Theoretical Interpretation of Learned Step Size in Deep-Unfolded Gradient Descent

by   Satoshi Takabe, et al.
Nagoya Institute of Technology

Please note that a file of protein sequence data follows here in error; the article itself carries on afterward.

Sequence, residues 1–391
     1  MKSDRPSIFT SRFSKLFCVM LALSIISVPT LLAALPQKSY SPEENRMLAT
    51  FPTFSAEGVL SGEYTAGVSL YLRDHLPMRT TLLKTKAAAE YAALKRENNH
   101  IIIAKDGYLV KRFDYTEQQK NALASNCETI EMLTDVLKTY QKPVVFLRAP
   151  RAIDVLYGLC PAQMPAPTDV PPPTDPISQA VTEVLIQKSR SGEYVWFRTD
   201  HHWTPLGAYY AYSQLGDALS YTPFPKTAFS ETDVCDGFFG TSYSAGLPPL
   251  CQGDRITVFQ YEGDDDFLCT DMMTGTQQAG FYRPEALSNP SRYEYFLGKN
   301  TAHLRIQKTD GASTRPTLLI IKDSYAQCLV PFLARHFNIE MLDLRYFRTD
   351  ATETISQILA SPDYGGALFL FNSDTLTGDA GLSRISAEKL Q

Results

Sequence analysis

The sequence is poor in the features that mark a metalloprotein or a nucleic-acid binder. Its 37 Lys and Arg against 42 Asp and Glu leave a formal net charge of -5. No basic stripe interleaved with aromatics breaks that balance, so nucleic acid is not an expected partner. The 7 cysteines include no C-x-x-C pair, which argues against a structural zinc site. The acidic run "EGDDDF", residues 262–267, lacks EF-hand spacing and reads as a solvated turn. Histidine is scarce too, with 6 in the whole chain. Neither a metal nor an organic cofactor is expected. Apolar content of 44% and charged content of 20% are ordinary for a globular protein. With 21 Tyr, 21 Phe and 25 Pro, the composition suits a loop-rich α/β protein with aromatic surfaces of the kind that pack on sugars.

Deep unfolding is a promising deep-learning technique in which an iterative algorithm is unrolled to a deep network architecture with trainable parameters. In the case of gradient descent algorithms, as a result of training process, one often observes acceleration of convergence speed with learned non-constant step size parameters whose behavior is not intuitive nor interpretable from conventional theory. In this paper, we provide theoretical interpretation of learned step size of deep-unfolded gradient descent (DUGD). We first prove that training processes of DUGD reduces not only the mean squared error loss but also the spectral radius regarding the convergence rate. Next, it is shown that minimizing an upper bound of the spectral radius naturally leads to the Chebyshev step which is a sequence of the step size based on Chebyshev polynomials. Numerical experiments confirm that Chebyshev steps qualitatively reproduce the learned step size parameters in DUGD, which provides a plausible interpretation of learned parameters. In addition, it is shown that Chebyshev steps achieve the lower bound of the convergence rate of the first order method in a specific limit without learning nor momentum terms.


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